THE COURT: .... How old are you, Mr. Rosa?
THE DEFENDANT: 48.
THE COURT: How far have you gone in school?
THE DEFENDANT: Second year of high school.
Transcript of proceedings on May 15, 1991 ("Hearing Tr.") at p. 2.
Rosa then answered "yes" or "no" to a series of other questions asked in English. Id. at p. 4. At no point during this exchange did Rosa or his lawyer indicate that he was confused or unable to understand the nature of the proceedings. At the close of this colloquy, the district court found that Rosa made a knowing, intelligent, and voluntary waiver of his right to a jury trial. Id. at p. 4.
Nevertheless, Rosa points to a discussion during his trial regarding his right to remain silent, during which the district court directed that a translator participate in the exchange. Rosa suggests that this exchange illustrates his inability to comprehend the rights he was abandoning when he waived a trial by jury. The exchange went as follows:
THE COURT: Do you wish to testify or not testify in this case?
THE DEFENDANT: I do not, no. I don't want to testify.THE COURT: Now, I spoke to you in English, and your lawyer spoke to you in English. Did you understand what both of us just said to you?
THE DEFENDANT: I can't understand everything.
THE COURT: You understood it?
THE DEFENDANT: Sometimes I can't answer, because I can't--
THE COURT: Ms. Haas, will you translate this, please?
Id. at pp. 87-88.
This exchange does not support Rosa's argument that he did not make a knowing and intelligent waiver of his right to a jury trial. Matters regarding the use of an interpreter are left to the discretion of the district court. United States v. Moya-Gomez, 860 F.2d 706, 740 (7th Cir.1988). See also Valladares v. United States, 871 F.2d 1564, 1566 (11th Cir.1989). That the district court allowed for the use of an interpreter during part of the proceedings in response to the defendant's expressions of confusion does not indicate that the district court erred in not providing a translator at an earlier stage in the proceedings. In fact, the district court's responsiveness in providing an interpreter when it appeared it might be helpful is indicative of the court's sensitivity to the limits of Rosa's ability to understand English. Moreover, during his sentencing hearing, Rosa testified and responded in English to a bevy of questions asked, in English, by his lawyer and by the court. In light of all this, we cannot conclude that the district court's failure to provide an interpreter at the waiver hearing--when no request was ever made and when the defendant responded in an appropriate manner to English questions--constitutes an abuse of the court's discretion. Rosa understood English sufficiently well to make a knowing and intelligent waiver of his right to a jury trial.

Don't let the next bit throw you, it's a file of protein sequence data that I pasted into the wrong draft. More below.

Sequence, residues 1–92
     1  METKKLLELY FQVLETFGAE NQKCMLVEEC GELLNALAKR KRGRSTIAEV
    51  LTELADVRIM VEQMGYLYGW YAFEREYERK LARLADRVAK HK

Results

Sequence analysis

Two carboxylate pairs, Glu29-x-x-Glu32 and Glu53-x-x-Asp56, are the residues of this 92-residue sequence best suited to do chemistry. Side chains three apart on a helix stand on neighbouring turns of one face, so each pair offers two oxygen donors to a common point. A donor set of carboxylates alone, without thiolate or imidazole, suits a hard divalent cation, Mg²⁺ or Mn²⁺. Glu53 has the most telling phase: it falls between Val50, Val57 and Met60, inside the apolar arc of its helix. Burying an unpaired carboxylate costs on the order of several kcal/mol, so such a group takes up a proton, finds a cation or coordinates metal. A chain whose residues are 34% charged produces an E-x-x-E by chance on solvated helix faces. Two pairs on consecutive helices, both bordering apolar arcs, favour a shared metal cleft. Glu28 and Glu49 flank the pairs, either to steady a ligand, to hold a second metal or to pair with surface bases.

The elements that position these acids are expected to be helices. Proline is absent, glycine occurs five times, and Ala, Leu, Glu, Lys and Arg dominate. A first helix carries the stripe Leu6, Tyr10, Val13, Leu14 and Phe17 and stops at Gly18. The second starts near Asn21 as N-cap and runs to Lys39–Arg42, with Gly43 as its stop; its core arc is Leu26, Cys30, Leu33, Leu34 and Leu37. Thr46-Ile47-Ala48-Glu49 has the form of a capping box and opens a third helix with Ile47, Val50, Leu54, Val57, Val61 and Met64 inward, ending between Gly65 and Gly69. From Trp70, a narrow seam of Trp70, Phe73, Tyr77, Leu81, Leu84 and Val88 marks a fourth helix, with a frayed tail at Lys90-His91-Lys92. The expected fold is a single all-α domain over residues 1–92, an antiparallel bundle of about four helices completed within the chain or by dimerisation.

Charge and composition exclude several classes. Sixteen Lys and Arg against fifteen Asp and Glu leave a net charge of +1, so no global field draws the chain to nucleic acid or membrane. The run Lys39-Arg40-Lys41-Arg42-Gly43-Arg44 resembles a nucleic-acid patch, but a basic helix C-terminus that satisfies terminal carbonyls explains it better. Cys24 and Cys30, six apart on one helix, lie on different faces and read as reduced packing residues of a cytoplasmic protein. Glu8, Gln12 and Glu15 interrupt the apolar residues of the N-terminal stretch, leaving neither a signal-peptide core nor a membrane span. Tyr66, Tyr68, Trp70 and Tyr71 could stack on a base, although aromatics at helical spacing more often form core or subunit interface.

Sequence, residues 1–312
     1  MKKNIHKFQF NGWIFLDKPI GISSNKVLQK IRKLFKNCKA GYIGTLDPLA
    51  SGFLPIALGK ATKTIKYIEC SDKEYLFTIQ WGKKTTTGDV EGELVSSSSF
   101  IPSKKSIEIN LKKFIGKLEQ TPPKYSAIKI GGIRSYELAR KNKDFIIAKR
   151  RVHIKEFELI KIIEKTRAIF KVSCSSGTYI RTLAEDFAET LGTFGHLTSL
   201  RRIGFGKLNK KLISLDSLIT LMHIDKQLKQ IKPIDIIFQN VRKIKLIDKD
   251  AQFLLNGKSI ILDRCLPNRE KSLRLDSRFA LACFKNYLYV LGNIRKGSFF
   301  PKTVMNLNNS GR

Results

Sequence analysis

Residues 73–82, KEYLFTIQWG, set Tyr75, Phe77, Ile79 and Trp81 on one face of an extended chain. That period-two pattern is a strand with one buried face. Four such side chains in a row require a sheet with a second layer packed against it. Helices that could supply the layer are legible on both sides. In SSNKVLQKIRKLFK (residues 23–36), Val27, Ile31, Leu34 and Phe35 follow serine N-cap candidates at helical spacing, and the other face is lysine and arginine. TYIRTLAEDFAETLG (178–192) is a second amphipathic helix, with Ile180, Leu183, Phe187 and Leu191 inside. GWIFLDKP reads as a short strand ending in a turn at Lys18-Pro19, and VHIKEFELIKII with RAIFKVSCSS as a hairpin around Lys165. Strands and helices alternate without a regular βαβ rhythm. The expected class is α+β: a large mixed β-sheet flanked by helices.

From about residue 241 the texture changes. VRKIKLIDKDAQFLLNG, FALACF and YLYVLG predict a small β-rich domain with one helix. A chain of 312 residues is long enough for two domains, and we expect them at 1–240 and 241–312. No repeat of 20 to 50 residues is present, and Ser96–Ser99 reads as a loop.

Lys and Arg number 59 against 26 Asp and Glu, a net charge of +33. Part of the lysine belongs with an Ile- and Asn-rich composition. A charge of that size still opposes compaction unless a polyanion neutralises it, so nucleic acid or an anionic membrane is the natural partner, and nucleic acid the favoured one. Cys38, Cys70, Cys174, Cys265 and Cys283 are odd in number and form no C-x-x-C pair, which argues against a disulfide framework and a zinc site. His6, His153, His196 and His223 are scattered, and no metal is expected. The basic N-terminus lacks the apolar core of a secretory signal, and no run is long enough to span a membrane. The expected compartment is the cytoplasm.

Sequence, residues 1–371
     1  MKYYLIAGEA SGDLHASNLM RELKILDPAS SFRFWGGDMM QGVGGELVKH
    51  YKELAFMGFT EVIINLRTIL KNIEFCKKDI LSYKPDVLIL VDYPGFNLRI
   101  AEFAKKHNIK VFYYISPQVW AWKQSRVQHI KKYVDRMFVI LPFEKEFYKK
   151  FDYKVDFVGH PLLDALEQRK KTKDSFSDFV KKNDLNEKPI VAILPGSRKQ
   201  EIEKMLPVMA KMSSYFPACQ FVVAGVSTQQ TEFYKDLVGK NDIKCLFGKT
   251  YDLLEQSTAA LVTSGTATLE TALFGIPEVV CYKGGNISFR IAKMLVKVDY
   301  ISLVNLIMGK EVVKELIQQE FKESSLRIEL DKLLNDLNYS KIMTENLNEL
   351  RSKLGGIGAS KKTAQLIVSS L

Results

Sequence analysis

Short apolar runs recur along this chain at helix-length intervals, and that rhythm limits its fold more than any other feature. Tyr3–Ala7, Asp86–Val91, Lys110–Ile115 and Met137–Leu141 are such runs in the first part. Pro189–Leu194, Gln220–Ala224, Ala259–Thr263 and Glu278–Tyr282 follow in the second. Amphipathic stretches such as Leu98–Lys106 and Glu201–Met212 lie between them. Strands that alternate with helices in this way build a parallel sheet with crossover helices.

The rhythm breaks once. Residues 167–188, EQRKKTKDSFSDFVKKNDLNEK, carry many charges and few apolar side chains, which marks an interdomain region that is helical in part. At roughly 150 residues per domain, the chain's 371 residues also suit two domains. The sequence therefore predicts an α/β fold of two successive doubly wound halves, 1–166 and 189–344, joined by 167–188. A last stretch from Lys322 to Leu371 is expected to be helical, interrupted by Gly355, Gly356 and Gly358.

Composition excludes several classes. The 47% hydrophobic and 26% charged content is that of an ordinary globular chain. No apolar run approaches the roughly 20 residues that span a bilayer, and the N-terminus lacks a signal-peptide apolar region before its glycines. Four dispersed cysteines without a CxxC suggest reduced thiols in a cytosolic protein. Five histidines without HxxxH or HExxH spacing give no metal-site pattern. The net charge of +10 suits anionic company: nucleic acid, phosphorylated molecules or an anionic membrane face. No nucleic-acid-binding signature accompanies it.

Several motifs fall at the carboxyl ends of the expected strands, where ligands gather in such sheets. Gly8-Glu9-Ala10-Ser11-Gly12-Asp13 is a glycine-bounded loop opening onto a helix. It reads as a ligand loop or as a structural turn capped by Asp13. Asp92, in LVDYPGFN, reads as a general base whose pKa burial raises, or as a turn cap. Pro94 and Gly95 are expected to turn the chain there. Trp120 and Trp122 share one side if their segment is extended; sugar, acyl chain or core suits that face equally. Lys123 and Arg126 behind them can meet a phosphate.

B. Efrain Salas--Sentencing
Salas challenges the district court's determination of his sentence. Like the other defendants, Salas was sentenced under the United States Sentencing Guidelines ("Guidelines"). Salas contends that the court miscalculated his base offense level under the Guidelines by including in the calculation the full amount of drugs handled in the conspiracy, including three to ten kilograms of heroin. Salas claims that the heroin distribution was not reasonably foreseeable to him given his limited participation in the conspiracy. Furthermore, Salas challenges the district court's application of the Guidelines in this case because the conspiracy began before the effective date of the Guidelines.
The district court's findings of fact, including the amount of drugs involved in a conspiracy, under the Sentencing Guidelines are reviewed deferentially and will not be disturbed absent clear error. United States v. Cagle, 922 F.2d 404, 406 (7th Cir.1991). The pre-sentence report prepared by the Probation Department and used as a guide by the district court calculated Salas' base offense level at 34, including the total amount of heroin distributed by the larger conspiracy of which Salas was a participant. Salas received a two point reduction for acceptance of responsibility under Guidelines § 3E1.1, resulting in an offense level of 32. The sentences of 151 months on one count and 61 concurrent months on the second count were within the range established for that offense level.